• the advantages of Electronic Voting

Parliament and Democracy: the advantages of Electronic Voting

Electronic Voting Systems have assumed an ever-growing major role in the performance of parliamentary activities

Electronic Voting Systems have assumed an ever-growing major role in the performance of parliamentary activities as well as in small legislative assemblies.

Members during legislation activities are called upon to cast their votes even hundreds of times a day, above all in large-sized hemicycles such as the European Parliament. To better understand the quantity of voting activity traffic, you only have to observe the number of votes cast during plenary sessions performed in the Strasbourg and Brussels Hemicycles.

According to the analytics published by the European Parliament , over the current legislation commencing from 2014, for example, during the plenary sessions, the European Parliamentary Members actually voted 1253 times.

This amount would surely multiply until 2019, the year when the current Parliamentary mandate will terminate, since during the previous legislation lasting from 2009 through to 2014, the number of operations involving voting by the Members, including those performed with the Electronic Voting System, reached a total of 23,533.

The highest number was arrived at in 2013, when during plenary sessions, the European Parliamentary Members cast their preferences for a total of 6,639 votes cast. Considering this great number of operations it is therefore easy to see how the introduction of electronic voting systems has greatly stepped up the voting process and the parliamentary activities involved.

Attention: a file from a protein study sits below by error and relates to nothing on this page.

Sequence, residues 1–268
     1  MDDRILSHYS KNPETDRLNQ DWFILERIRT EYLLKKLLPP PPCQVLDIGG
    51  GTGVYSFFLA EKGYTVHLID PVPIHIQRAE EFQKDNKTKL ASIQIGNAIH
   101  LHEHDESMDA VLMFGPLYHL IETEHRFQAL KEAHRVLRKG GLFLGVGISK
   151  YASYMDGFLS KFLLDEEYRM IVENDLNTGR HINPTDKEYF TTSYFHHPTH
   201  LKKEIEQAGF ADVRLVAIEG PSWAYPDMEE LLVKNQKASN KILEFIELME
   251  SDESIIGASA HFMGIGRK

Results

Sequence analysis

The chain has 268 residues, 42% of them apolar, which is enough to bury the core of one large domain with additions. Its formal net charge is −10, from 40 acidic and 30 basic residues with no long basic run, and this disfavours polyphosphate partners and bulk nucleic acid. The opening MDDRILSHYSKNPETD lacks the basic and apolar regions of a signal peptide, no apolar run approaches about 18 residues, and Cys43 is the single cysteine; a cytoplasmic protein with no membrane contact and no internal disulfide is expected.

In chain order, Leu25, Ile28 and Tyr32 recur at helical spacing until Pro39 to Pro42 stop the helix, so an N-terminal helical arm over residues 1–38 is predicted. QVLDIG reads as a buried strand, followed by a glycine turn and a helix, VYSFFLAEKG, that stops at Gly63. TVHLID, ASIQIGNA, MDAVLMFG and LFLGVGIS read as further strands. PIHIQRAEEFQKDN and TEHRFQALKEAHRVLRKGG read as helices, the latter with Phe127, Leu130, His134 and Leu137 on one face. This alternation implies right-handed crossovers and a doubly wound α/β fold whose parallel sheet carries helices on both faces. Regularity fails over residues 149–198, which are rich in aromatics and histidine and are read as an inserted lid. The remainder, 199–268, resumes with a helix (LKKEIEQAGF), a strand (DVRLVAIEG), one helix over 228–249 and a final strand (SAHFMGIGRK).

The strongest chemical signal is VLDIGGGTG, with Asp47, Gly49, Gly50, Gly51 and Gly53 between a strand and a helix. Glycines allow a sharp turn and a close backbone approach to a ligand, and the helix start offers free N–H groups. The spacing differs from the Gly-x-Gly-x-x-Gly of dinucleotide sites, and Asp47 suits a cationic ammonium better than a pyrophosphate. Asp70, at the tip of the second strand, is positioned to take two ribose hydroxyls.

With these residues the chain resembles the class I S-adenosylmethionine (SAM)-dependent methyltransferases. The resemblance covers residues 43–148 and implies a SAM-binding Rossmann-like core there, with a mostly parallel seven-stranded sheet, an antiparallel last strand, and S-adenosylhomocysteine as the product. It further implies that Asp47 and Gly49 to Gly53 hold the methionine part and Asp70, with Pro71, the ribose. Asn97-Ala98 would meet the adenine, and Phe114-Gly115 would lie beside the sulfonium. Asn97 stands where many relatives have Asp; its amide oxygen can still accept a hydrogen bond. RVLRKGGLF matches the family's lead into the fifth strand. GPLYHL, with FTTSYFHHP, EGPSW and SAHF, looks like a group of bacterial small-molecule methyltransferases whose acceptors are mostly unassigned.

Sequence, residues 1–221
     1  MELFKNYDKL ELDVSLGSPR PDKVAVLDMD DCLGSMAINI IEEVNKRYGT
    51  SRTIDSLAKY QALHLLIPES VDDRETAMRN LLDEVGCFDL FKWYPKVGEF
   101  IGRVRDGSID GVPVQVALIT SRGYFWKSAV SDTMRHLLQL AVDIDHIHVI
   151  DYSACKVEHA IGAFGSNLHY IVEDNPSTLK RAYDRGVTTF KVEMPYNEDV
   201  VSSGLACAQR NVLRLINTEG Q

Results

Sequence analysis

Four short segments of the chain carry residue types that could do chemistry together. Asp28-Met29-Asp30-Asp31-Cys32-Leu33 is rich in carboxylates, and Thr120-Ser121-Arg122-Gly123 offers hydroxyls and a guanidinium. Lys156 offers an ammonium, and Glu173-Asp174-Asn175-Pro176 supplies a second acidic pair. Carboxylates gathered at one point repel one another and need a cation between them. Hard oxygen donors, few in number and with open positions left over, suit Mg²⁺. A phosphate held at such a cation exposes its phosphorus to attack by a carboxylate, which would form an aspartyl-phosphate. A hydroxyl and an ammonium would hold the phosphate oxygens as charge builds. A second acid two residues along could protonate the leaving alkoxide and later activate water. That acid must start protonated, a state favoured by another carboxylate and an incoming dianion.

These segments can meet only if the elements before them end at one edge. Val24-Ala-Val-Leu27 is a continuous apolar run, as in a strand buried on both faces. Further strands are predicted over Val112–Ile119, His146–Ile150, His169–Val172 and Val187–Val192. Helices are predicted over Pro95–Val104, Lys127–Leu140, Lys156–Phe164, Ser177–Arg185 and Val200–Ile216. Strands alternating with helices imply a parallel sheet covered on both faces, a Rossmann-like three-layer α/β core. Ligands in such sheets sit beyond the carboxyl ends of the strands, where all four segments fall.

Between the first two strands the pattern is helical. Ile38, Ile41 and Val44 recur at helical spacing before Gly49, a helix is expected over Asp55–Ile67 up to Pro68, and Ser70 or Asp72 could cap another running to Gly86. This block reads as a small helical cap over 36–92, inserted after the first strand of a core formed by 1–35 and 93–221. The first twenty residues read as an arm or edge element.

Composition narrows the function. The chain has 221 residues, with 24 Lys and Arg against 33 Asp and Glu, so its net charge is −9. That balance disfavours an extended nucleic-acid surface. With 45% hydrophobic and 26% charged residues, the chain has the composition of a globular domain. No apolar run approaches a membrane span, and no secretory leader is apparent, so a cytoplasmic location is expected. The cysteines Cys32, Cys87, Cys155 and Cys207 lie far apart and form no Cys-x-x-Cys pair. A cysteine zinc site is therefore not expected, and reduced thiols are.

Even though the traditional hand raising is still one of the most frequently used methods for casting votes in Parliament, the electronic voting system still remains the most efficient tool to ensure speed and accuracy during voting operations as well as the recordings of the acts involved in each single vote cast.

Electronic voting is also indispensable during open voting (not nominal), for example when votes are cast by the two sides and the difference of votes that are "for" or "against" is very slight. Consequently during counting and estimating results of the votes, they may easily be contested.

Using electronic voting further becomes essential when voting for a law that requires a qualified majority such as two thirds of Parliament or when a secret ballot has to be cast.

Since Eurel Informatica S.p.a. is well aware of the requirements of Parliamentary hemicycles, we continue to invest in innovation and research for electronic voting systems that are always more avant garde, able to meet all requirements that arise from Assembly activities and an ongoing guarantee to ensure speed, safety and transparency for democratic activities.

Photo credit: DubeFranz via Foter.com / CC BY-NC-ND

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